Art Not Found: why museum collections are often invisible on the Web

October 9, 2012, 11:40 AM eastern by Rob Landry

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The other day I googled the signature piece in the collection of a major metropolitan museum. Sure enough, it was listed atop the results.  But when I linked over to it I found a page with errors and no image of the object. 

404 - Art Not Found.

I've had similar experiences recently with other online museum collections.  To be sure, some - like the Met's - are quite good, but many more leave a lot to be desired.

Images of objects in a collection are often non-existent, or are hard to find within a difficult-to-navigate user interface.  In some cases, when you finally do get to an image, it's not large enough to be meaningful, let alone inspire.

This isn't a recipe for success.  As Seb Chan of Cooper-Hewitt (and formerly the Powerhouse Museum) has noted (many others have echoed the sentiments), museums in the 21st century are struggling to maintain their relevancy.  They need effective websites, and one of the best ways to be effective is to showcase what makes you special and a vital part of the community.

For most museums, what's special is... the collection.  The art, artifacts, historical documents and cultural icons that are found in a particular museum are found no where else.  In an era of "copy/paste" duplication, that uniqueness is a rare coin indeed.

How you make your collection available online matters

Without easily discoverable images of the objects in their collection (along with data and curated text describing the images), museums:

  • won't get pinned on Pinterest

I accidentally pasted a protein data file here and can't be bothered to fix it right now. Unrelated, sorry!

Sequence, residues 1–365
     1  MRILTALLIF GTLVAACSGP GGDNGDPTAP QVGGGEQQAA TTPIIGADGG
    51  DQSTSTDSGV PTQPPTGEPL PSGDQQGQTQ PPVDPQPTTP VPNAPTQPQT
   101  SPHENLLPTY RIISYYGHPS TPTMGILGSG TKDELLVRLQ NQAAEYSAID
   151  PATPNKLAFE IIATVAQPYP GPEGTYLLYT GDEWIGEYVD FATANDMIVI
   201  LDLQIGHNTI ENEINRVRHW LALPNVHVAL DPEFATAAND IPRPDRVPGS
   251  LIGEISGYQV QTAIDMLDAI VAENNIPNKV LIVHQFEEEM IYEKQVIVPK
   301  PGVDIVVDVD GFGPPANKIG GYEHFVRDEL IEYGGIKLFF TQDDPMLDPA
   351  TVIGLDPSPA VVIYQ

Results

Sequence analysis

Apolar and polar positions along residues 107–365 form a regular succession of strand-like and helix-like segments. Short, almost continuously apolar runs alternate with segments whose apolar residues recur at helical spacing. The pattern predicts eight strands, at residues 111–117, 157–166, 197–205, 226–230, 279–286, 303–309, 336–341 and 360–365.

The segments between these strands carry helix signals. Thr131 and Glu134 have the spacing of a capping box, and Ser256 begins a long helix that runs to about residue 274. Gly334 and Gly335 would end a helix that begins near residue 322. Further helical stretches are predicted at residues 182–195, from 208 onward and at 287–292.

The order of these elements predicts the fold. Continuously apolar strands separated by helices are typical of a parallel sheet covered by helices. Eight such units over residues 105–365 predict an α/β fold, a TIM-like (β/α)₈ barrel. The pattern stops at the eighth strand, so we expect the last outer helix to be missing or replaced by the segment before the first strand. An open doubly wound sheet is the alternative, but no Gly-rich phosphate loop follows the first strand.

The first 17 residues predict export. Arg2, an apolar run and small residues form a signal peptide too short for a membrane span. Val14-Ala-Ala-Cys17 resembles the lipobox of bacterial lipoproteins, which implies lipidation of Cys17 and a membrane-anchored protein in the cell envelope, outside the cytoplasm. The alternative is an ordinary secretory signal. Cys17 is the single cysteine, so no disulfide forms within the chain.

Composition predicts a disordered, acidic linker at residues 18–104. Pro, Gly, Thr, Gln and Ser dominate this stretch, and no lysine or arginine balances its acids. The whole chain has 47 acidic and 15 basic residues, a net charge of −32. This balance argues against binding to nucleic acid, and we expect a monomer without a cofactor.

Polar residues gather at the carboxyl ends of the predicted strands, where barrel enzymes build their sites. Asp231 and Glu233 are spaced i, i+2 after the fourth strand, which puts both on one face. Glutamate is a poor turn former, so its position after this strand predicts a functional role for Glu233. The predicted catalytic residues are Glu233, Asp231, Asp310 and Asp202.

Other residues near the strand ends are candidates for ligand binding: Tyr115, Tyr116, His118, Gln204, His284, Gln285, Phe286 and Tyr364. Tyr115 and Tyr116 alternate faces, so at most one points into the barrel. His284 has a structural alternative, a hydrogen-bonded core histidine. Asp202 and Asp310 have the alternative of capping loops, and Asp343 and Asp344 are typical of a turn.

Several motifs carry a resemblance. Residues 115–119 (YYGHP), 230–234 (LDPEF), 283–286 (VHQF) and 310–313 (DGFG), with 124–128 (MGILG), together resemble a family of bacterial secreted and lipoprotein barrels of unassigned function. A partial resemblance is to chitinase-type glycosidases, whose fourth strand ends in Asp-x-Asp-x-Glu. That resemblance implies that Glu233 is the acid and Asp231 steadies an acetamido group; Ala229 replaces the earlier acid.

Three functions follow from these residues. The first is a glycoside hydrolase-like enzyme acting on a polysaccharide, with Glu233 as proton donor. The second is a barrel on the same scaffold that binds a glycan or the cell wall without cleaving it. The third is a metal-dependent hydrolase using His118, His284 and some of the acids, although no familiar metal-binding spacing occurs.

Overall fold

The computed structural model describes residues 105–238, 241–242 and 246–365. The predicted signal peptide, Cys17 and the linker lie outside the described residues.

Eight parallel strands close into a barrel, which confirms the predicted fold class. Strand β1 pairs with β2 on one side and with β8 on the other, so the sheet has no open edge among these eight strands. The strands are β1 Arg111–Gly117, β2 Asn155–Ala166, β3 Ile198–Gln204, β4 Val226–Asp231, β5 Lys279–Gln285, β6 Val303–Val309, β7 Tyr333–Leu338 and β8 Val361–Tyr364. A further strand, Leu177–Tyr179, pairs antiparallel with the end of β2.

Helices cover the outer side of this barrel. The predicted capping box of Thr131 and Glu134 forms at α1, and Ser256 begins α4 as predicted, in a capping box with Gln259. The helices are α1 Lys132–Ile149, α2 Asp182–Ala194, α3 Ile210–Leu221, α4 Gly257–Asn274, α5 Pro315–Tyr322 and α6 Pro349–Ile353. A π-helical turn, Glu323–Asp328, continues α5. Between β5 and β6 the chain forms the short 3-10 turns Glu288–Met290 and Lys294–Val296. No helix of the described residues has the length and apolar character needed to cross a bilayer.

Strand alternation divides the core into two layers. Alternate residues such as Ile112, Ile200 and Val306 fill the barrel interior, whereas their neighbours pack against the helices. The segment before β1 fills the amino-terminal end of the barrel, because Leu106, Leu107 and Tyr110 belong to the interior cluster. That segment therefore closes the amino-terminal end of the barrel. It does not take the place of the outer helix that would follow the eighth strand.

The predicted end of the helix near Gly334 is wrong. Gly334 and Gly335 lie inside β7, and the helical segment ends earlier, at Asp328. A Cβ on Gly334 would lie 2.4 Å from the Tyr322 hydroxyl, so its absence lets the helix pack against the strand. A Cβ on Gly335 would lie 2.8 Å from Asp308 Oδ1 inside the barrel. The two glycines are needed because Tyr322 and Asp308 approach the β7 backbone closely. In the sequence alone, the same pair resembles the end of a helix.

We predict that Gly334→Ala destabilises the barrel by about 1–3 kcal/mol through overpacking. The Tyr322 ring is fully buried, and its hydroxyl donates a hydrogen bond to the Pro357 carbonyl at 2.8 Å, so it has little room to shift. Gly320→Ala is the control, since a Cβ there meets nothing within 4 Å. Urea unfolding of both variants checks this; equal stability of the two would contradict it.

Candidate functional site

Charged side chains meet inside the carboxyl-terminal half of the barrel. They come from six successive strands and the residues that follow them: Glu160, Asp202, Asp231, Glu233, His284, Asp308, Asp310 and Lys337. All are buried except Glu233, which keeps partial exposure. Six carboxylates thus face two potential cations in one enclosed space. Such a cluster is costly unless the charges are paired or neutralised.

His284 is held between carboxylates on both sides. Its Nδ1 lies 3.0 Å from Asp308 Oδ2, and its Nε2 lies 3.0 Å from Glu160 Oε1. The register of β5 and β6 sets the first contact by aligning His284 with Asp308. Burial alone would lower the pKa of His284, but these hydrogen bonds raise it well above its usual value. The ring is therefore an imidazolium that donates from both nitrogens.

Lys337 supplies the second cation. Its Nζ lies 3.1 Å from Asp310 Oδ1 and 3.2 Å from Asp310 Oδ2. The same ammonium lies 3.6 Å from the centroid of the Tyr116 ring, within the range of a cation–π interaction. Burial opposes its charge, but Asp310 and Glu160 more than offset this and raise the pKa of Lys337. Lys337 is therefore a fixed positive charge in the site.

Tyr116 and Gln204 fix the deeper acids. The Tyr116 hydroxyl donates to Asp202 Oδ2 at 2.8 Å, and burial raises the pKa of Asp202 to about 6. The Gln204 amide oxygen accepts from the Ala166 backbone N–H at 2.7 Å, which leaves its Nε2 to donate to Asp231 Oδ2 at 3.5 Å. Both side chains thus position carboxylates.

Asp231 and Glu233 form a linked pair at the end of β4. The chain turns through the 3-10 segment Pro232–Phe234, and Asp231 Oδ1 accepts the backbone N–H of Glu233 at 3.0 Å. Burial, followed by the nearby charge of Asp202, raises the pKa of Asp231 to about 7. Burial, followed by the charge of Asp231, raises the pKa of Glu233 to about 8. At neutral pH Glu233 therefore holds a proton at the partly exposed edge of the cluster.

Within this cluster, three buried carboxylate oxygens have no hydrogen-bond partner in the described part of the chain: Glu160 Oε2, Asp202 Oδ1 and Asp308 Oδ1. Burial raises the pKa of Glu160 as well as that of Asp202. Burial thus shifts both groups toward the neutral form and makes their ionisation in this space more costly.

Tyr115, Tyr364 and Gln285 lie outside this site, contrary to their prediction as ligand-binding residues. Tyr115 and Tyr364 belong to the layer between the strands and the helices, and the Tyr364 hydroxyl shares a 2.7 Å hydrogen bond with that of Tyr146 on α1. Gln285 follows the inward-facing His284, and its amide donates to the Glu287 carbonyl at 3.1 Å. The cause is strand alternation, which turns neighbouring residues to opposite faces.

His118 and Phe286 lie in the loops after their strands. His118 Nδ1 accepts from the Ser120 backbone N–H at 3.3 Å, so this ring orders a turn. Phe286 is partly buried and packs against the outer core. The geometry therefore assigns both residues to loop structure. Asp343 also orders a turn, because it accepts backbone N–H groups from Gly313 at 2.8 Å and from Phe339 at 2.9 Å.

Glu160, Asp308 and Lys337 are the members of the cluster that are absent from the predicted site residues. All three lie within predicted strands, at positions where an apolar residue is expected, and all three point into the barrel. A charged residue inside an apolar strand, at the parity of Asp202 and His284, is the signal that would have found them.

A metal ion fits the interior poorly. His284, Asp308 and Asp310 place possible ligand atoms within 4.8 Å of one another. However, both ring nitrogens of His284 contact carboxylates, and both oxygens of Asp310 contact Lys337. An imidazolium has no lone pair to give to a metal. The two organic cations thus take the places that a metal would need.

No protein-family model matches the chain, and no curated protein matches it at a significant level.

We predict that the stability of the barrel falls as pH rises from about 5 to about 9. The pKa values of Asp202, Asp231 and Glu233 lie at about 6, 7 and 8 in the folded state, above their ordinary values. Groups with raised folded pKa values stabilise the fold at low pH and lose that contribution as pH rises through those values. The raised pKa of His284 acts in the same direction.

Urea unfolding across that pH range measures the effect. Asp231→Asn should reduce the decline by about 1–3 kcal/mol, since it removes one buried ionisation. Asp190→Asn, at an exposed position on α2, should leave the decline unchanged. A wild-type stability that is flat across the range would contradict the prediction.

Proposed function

• won't get shared on Facebook
  • won't get found in Google Images
  • won't get inbound traffic from relevant search results related to showcase pieces in their collection

In an age where traditional marketing techniques, like print ads and posters, are becoming less effective, making a statement - tied to your mission, led through images and text on your website - is increasingly crucial to your relevance.

There are several reasons why this tends to happen.  In some cases, patrons who have donated or loaned items to a collection are particular about how their works get displayed, and that sometimes prevents certain pieces from being displayed online.  In other cases, outdated collections management software, designed before the Web was so important and not designed for a great user experience, make searching, selecting and viewing collection imagery tedious.

Great online collections = digital engagement

We have to once and for all get past the notion still held by some, that if we put information online somehow people won't want to come for a visit.  In fact, I'd argue that exactly the opposite is true.  The more you put on your website, the more people will want to visit, their curiosity having been piqued.

Museums must rise to the challenge and make their collection material available online, in easily searchable, findable, sharable ways.  A curated, content-based strategy is essential for museum websites, and talking about - and showcasing - the collection is a vital part of that strategy. 

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